New Theories of Everything [NOOK Book]


John Barrow revisits one of the hottest topics in all of science, illuminating the modern quest to unlock the secrets of the universe.

Published in 1991, John Barrow's Theories of Everything was hailed as "a mind-boggling intellectual adventure" by Publishers Weekly and as "an exhilarating journey...important, engaging, and highly literate" by New Scientist . Now, in New Theories of Everything , Barrow completely updates his classic account of one of the hottest fields in all of...

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New Theories of Everything

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John Barrow revisits one of the hottest topics in all of science, illuminating the modern quest to unlock the secrets of the universe.

Published in 1991, John Barrow's Theories of Everything was hailed as "a mind-boggling intellectual adventure" by Publishers Weekly and as "an exhilarating journey...important, engaging, and highly literate" by New Scientist . Now, in New Theories of Everything , Barrow completely updates his classic account of one of the hottest fields in all of science--the search for a cosmic key that will unlock the secrets of the Universe. Will we ever discover a single scientific theory of everything? How can one theory ever explain a world full of chaos and complexity?

In this stimulating volume, Barrow sheds light on these questions as he presents the reader with the very latest ideas and predictions, ranging from the speculations of Stephen Wolfram about the world as a computer program to recent developments in string theory and M theory, new varieties of complexity, new ideas about the nature of mathematics, and much more. He reveals that the field has changed dramatically. Fifteen years ago, scientists sought a single theory uniquely specifying the constants and forces of nature, but today they envision a vast landscape of different logically possible laws and constants in many dimensions, of which our own world is but a tiny facet of a higher dimensional reality. Equally important, Barrow reflects on the philosophical and cultural consequences of those remarkable new ideas, highlighting their implications for our own place in the universe.

The Theory of Everything has in recent years become the focus of some of the most exciting and imaginative thinking in science. Now fully revised, New Theories of Everything brings the story of this exhilarating quest completely up to date.

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Editorial Reviews

Kirkus Reviews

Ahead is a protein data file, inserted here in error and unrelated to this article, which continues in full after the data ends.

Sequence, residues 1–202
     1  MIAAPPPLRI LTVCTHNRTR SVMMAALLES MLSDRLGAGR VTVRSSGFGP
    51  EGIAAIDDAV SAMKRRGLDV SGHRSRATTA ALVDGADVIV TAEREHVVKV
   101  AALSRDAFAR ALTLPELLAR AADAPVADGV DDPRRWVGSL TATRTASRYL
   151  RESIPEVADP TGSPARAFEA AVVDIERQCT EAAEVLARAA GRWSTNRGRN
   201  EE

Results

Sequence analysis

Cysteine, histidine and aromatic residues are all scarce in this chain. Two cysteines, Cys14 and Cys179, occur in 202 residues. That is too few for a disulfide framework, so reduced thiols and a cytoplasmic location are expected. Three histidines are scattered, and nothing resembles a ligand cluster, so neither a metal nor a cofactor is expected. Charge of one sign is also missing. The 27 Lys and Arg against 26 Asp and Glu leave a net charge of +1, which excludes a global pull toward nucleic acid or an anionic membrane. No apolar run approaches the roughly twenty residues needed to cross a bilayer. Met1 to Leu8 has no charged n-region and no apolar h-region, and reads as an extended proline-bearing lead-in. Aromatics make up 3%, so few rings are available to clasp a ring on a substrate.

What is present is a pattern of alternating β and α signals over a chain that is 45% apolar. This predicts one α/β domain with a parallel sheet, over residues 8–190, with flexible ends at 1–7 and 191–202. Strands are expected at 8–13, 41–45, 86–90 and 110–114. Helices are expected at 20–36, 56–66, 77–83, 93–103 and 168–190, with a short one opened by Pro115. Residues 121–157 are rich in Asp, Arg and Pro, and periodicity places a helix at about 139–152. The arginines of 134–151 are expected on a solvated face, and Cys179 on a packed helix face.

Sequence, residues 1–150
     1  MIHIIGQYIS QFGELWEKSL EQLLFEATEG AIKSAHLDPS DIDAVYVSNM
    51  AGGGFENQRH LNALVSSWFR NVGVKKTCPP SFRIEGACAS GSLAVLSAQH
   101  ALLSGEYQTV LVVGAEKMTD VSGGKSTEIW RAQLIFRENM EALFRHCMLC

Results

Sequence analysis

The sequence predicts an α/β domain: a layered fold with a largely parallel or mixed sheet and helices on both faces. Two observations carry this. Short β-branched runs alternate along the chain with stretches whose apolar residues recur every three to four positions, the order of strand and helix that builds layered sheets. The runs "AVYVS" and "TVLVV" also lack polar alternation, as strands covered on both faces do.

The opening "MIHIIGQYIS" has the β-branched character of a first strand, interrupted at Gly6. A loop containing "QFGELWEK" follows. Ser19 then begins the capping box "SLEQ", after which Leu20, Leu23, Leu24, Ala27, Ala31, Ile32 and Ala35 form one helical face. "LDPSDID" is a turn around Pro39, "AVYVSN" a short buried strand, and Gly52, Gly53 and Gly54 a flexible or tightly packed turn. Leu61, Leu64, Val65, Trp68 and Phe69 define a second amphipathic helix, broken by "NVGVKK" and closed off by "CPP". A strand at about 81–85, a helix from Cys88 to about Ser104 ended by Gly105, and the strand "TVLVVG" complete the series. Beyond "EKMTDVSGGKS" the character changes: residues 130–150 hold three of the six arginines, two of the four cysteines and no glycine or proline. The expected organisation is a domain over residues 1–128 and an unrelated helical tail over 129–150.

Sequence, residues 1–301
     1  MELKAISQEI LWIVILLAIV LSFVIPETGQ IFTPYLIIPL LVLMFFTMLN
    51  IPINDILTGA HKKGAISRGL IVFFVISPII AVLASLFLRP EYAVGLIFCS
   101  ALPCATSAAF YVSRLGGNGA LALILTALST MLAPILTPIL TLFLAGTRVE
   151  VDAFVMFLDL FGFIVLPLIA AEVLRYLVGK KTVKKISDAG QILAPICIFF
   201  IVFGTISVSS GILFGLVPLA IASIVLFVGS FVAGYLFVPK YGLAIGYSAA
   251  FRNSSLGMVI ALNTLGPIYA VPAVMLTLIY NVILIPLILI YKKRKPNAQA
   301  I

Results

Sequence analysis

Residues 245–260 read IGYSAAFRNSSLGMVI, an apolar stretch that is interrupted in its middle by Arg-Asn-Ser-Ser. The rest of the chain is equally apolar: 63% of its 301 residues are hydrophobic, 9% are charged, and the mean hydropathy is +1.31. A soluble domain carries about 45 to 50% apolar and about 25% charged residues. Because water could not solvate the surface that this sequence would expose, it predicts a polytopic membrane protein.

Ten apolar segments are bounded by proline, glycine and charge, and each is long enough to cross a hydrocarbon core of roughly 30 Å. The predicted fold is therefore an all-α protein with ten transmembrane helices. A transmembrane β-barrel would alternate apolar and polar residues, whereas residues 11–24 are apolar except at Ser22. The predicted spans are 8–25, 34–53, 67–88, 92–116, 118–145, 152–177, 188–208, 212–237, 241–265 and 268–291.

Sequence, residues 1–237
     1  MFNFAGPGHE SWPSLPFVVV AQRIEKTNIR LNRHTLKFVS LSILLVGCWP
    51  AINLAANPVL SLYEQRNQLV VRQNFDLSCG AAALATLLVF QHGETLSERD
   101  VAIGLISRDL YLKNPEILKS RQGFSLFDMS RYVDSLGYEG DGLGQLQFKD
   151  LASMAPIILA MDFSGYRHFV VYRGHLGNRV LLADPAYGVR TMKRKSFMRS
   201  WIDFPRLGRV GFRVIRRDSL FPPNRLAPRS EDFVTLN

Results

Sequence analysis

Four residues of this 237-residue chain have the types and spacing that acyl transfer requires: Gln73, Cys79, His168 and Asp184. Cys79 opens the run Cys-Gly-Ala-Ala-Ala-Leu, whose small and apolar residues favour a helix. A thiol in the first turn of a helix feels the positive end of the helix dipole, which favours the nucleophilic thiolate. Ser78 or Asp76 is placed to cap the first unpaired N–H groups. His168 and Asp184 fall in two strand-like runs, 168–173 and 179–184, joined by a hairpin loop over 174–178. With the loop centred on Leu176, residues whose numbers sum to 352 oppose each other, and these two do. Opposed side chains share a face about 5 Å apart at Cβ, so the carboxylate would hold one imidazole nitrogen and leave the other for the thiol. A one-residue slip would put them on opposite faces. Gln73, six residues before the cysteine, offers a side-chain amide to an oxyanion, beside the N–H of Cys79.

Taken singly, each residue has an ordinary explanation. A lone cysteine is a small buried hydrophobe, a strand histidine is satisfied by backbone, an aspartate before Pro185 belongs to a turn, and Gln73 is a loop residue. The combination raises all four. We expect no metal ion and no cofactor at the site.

Can any one theory account for everything in the universe? Barrow (Mathematics/Cambridge; The Infinite Book, 2005, etc.) gets right down to fundamental issues in addressing this central question in modern science. He breaks his subject into eight key areas: laws of Nature, initial conditions, forces and particles, constants, broken symmetries, organizing principles, selection biases and categories of thought. Each of these is given a rigorous examination. For example, in discussing laws of nature, Barrow attempts to look at all possible ways the universe, scientific laws and God might interact, including the possibility that any or all of the three don't exist at all. One key question is whether our math is adequate to describe the deepest level of reality, especially in view of Kurt Godel's incompleteness theorem, which holds that every mathematical system entails theorems that cannot be proved. The author suggests that Godel's insight, while true of abstract math, doesn't hold for applied math of the sort used in the sciences. The question of whether or not time and space themselves predate the universe gets a careful look, though not a definitive answer. That, of course, is the problem: There are no definitive answers as yet, only more or less promising approaches to the questions. Among the difficulties is the fact that the universe we can observe is only a fraction of what is believed to exist, and we can't be certain that the observable portion is typical. (Of course, to play the game at all, we need to assume so.) At the end, Barrow concedes that no theory can really account for everything; opinions, emotions and so forth are undeniably realm yet beyond all computation. Yet thisphilosophic recognition is not a denial of the scientific enterprise, but a recognition that the universe, at bottom, is subtler than our tools for analyzing it. A fascinating journey.